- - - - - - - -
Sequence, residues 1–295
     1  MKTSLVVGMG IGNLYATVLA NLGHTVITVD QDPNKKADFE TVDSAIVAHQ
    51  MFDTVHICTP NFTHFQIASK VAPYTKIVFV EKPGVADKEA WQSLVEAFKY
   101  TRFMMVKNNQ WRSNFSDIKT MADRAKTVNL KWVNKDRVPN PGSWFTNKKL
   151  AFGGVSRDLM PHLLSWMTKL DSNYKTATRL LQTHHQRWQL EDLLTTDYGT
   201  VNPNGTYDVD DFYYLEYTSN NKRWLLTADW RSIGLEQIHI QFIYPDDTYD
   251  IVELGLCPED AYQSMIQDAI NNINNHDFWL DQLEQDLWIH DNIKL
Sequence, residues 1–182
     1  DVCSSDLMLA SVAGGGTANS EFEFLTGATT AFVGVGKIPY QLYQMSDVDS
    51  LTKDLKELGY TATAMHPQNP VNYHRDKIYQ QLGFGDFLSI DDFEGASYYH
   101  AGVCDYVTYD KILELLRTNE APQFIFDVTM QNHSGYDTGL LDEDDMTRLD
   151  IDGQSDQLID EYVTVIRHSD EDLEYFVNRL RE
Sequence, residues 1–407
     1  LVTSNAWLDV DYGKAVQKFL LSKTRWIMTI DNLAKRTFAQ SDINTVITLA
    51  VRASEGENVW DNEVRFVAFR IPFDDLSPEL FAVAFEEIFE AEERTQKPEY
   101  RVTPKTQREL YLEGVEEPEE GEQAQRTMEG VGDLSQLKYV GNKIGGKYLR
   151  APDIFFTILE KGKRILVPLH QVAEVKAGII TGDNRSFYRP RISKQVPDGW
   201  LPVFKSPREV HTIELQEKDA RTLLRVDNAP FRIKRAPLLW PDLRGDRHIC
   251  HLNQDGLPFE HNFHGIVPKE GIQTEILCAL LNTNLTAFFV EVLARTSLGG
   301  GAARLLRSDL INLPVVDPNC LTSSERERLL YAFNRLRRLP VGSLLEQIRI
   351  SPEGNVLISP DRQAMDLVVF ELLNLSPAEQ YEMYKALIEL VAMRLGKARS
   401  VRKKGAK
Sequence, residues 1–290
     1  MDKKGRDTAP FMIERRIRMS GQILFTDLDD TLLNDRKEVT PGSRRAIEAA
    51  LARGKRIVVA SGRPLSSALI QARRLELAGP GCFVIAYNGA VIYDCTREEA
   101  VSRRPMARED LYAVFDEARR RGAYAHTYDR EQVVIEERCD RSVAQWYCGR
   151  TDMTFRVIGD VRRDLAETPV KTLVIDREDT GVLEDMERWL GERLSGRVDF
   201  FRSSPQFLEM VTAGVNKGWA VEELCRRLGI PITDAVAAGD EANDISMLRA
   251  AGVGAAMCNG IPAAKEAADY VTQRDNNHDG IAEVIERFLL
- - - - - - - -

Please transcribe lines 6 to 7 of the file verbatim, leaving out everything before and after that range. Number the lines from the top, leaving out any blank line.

   201  VNPNGTYDVD DFYYLEYTSN NKRWLLTADW RSIGLEQIHI QFIYPDDTYD
   251  IVELGLCPED AYQSMIQDAI NNINNHDFWL DQLEQDLWIH DNIKL